(Permanent Musical Accompaniment To The Last Post Of The Week From The Blog’s Favourite Living Canadian.)

So, the basic truth about pipelines—all pipelines—is that they break and leak and occasionally go boom, and that the people who own and operate them would rather chug tar sands than admit the basic truth about pipelines. From The Denver Post:

Fire investigators found a 1-inch diameter black plastic pipeline running from an Anadarko Petroleum well near the house that had been cut when a tank battery was moved before the Oak Meadows subdivision was built, Poszywak said. That pipeline leaked the gas from a point 6 feet from the southeast corner of the house at 6312 Twilight Ave. in Firestone. Investigators said they found the gas valve at the Anadarko well in the “on” position. Poszywak said leaking gas “saturated the soil and migrated into the French drains of the home.”

Soon after the firefighters released their report Tuesday, Gov. John Hickenlooper ordered oil and gas companies statewide to inspect and pressure-test oil and gas flowlines within 1,000 feet of occupied buildings. Hickenlooper said companies must make sure flowlines not in use are properly marked and capped, and that any abandoned flowline cut off underground is sealed.

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Subdivisions in orbit, next on SyFy.

Also, infrastructure, how does it work, anyway?

Speaking of which, remember Flint, where the water was making people sick and it was a big thing on the news for a while? Well, the Invisible Hand isn’t remotely ready to stop slapping the good people of Flint around. From the NYT:

Following a water crisis that saw sky-high levels of lead contamination in Flint, Mich., many homes in the city still do not have access to safe tap water. But that doesn’t mean they’re not being charged for it. And if they can’t pay in time, they may lose their homes. The city has mailed 8,002 letters to residents in an effort to collect about $5.8 million in unpaid bills for water and sewer services. If homeowners do not pay by May 19, property liens are transferred to tax bills, which begins a process that can end with residents losing their homes unless they pay their outstanding bills before March 2018. Flint generally sends these letters annually to property owners whose payments are at least six months late. But because Flint skipped this process in 2016, this year’s letters cover two years of past-due balances.

These people are losing their homes because they’ve fallen behind in their poison payments.

The state also offered credits to help Flint residents pay their water bills until February, shortly after the state announced that lead in the city’s drinking water had been reduced enough to comply with federal regulations. But the city acknowledged last week that “up to 20,000 Flint residences still have lead and galvanized service lines that need to be replaced,” adding that it hoped to replace service lines for 6,000 homes this year. Because of the continuing issues with aging pipes, thousands of Flint residents are still at risk from high lead levels. Mayor Karen Weaver of Flint said in a statement on Wednesday that the city’s requests for payment on overdue water and sewage bills are in accordance with local laws. But, she added, “I understand the concerns that have been raised, and I am working to see if any changes or something can be done to help those affected by this, especially given the extraordinary circumstances we have endured due to the water crisis.”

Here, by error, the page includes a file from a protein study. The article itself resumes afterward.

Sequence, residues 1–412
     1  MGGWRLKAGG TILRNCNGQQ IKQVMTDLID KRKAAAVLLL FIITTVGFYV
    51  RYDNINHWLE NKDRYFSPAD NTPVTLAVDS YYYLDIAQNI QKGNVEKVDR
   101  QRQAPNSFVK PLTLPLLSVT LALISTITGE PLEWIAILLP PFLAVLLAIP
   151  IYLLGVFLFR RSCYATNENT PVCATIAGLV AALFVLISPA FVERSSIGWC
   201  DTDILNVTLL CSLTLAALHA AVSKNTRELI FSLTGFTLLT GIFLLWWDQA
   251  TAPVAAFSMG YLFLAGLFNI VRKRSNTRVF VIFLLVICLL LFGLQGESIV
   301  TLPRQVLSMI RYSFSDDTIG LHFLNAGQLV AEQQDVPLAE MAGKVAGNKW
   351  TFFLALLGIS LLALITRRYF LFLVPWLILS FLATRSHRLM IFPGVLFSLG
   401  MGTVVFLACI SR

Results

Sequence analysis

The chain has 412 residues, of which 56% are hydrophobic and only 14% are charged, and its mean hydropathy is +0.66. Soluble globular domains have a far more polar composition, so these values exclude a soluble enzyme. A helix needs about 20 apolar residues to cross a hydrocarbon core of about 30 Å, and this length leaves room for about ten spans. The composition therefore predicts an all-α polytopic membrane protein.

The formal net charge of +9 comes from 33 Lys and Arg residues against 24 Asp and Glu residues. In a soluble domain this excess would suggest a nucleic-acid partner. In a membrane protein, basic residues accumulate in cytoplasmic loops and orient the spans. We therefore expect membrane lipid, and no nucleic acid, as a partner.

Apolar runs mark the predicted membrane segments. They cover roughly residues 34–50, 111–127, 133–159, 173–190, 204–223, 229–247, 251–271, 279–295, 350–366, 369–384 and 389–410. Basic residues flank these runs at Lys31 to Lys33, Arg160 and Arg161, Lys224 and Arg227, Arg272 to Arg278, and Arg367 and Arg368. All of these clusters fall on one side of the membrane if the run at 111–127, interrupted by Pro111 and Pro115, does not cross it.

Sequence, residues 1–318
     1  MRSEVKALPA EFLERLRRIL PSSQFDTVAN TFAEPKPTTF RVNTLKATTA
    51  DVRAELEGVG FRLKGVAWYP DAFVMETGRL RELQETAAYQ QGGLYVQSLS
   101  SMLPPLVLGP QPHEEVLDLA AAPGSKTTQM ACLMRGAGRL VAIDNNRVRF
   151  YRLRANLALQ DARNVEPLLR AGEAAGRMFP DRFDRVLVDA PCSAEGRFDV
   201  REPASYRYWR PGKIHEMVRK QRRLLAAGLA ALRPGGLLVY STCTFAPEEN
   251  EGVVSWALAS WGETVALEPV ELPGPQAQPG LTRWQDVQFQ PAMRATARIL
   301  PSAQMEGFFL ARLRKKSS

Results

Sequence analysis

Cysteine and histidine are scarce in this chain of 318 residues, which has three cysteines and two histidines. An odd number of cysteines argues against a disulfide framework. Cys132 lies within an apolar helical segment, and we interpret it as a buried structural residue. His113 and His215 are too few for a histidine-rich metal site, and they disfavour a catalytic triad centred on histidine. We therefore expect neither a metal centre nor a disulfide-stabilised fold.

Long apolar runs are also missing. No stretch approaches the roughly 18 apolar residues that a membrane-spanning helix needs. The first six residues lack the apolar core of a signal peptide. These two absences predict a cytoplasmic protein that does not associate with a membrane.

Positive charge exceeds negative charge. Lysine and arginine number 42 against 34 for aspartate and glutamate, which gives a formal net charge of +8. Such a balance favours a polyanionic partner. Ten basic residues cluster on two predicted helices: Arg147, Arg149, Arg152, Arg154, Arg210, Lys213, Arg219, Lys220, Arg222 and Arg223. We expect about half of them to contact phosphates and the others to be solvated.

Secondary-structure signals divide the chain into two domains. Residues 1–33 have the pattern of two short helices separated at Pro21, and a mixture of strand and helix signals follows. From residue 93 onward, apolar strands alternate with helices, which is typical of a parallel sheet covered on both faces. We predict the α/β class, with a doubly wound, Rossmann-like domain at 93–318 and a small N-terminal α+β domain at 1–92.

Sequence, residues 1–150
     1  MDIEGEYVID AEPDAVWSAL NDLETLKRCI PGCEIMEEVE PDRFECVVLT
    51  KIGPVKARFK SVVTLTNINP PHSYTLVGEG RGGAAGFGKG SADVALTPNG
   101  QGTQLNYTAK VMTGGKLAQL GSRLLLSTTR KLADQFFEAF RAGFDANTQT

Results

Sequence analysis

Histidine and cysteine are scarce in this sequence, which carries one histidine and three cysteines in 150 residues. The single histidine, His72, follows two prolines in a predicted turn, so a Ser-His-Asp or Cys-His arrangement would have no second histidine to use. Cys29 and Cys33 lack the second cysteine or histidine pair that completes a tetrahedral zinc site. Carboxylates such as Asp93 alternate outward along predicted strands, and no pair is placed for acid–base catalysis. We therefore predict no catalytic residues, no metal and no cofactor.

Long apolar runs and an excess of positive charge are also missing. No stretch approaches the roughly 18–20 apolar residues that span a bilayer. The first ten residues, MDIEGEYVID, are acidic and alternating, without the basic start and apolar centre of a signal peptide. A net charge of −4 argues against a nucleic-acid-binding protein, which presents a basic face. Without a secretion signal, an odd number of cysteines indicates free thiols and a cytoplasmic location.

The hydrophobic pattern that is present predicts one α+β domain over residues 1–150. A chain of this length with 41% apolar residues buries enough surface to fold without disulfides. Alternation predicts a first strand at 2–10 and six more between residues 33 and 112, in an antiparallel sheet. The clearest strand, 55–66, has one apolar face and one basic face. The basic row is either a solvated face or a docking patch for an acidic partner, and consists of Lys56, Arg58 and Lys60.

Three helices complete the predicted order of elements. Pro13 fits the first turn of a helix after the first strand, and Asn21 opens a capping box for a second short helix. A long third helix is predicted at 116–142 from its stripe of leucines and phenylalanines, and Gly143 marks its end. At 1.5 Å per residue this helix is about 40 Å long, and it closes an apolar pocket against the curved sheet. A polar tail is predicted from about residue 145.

The underlying issue here is that the Flint water crisis is still going on. People still can’t drink the water in their homes, or bathe in it safely. So the solution, obviously, is to save them by throwing them out of their homes. The Invisible Hand, I believe, is making a wanking motion in the sky.

And, while we’re on the subject of water, Pennsylvania has a problem with the creepy-crawlies. From NPR:

The NRDC analysis found that 167 Pennsylvania systems serving 691,000 people violated health standards set by the federal Safe Drinking Water Act when data were gathered in 2015. The Pennsylvania systems that are recorded as having health-based violations had pollutants such as disinfectants, coliforms and nitrates at levels that could damage human health, the report said. Chlorine is a widely used disinfectant in water treatment systems, but when combined with some naturally occurring organic matter, it can create dangerous by-products that can lead to miscarriages and birth defects. For example, 35 Pennsylvania systems serving more than 445,000 people broke the SDWA health limits on the presence of combined disinfectants and disinfectant by-products, the report said.

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By all means, let’s hand all environmental regulations back to the states, because they are the laboratories of democracy, and the laboratories of a lot of other things, too.

Notes from a convalescent: I hate to say it, because it’s a damn Exxon ad, but I like that Drive-By Truckers-ish instrumental version of “Farmer in the Dell” in that algae commercial.

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